If the festival has something to do with religion, people normally utter their prayers or express their gratitude to their God for the blessings that they have obtained in life. So basically, the act of celebrating the festival is how people give importance to their traditions. 




One-size-fits-all [adj.] – suitable for or used in all circumstances

Utter [verb] – say something 

Obtain [verb] – get; acquire




i.) The speaker gave an honest answer to the question and focused on discussing his general idea or opinion. Then he provided specific examples that would surely support his answer better. He made sure to discuss his answer thoroughly so he could achieve coherence and at the same time making the examiner understand his points well. 


What’s the difference between festivals now and those in the past?



Seriously, that’s one hard question to answer, like I said earlier, each country has its own unique festival and its people have their distinct way to celebrate it. Well, I’m not sure how to answer that question, however, the main difference which I can only assume is that festivals these days are more commercialized than those in the past. What I mean by that is business people, take advantage of the festivals and come up with their marketing strategy to sell their products or services during the celebration of a particular festival.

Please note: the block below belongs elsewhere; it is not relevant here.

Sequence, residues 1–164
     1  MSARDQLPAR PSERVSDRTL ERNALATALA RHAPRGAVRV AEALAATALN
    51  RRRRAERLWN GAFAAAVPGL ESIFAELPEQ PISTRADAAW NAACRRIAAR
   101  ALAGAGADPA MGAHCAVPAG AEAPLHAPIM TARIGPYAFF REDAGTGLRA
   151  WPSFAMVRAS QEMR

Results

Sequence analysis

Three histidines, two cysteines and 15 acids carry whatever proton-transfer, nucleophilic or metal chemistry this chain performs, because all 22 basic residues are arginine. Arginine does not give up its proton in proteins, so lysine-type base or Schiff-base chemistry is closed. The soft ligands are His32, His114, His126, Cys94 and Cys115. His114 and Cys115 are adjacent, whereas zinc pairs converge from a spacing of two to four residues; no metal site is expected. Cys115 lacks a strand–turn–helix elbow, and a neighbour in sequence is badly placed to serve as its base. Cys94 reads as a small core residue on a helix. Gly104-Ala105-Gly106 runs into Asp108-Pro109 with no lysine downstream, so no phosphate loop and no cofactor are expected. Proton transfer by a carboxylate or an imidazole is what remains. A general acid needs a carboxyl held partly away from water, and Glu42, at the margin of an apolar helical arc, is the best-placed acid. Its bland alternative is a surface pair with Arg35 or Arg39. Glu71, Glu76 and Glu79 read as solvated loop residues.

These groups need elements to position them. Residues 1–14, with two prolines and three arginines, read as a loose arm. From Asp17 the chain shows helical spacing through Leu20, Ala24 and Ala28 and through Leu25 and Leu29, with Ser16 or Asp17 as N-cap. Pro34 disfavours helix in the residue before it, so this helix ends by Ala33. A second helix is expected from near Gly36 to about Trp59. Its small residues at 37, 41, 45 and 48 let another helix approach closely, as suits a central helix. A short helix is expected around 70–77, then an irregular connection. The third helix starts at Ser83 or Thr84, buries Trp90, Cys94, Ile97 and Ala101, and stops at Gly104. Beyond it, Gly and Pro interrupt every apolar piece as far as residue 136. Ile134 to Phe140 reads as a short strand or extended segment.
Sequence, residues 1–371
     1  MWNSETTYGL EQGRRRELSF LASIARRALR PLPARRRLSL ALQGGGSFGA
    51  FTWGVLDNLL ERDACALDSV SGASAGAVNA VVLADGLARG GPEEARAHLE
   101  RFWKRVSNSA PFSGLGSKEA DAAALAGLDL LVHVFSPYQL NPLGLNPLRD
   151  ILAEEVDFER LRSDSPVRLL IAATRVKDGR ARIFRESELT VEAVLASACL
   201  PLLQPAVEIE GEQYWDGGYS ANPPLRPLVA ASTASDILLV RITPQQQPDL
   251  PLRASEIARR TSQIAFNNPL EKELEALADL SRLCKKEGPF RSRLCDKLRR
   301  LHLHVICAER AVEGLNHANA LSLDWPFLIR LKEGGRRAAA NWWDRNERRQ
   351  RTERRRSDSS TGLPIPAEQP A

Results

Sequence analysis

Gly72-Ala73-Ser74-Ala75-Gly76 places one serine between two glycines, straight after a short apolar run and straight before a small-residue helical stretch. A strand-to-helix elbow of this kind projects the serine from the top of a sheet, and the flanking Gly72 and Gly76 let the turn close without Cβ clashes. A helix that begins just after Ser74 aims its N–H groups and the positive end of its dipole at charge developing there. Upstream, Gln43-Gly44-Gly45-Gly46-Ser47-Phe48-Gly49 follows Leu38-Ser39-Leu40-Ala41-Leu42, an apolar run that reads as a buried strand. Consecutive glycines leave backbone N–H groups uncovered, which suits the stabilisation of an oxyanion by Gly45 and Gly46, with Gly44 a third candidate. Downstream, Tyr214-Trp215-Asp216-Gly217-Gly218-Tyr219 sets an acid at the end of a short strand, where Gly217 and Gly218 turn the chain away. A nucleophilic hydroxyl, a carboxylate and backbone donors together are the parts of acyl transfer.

For instance, the annual celebration of Valentine’s Day, companies selling confectioneries advertise their products convincingly telling everyone that buying their chocolates or sweets and gifting them to their loved ones is the best way to express their undying devotion to their loved one. That kind of strategy is mainstream these days and it has become the new culture which I believe was not commonly practiced in the past. 




Distinct [adj.] – recognizably different 

Commercialized [adj.] – profit-orientated 

Take advantage of something [expression] – to use an opportunity to achieve results 

Confectionery [noun] – sweets or chocolates 




i.) Again, the speaker answered the question honestly as he didn’t know how to answer the question, he just simply focused on his assumption. He tackled the idea of business stating that businessmen took advantage of festivals making those festivals commercialized. By giving that idea, he’s able to develop a well-discussed answer as he successfully compared the past and the current times. 



Do you think western festivals like Christmas are replacing traditional festivals in your country?


I don’t think so, although the Western influence is prevalent in this country, we still value our own traditions religiously. Well, we can’t deny the fact that we do celebrate Western festivals like Christmas and Halloween but we don’t celebrate them like the way Western people do. I mean, we recognize or acknowledge these festivals but those have no significant meaning to us.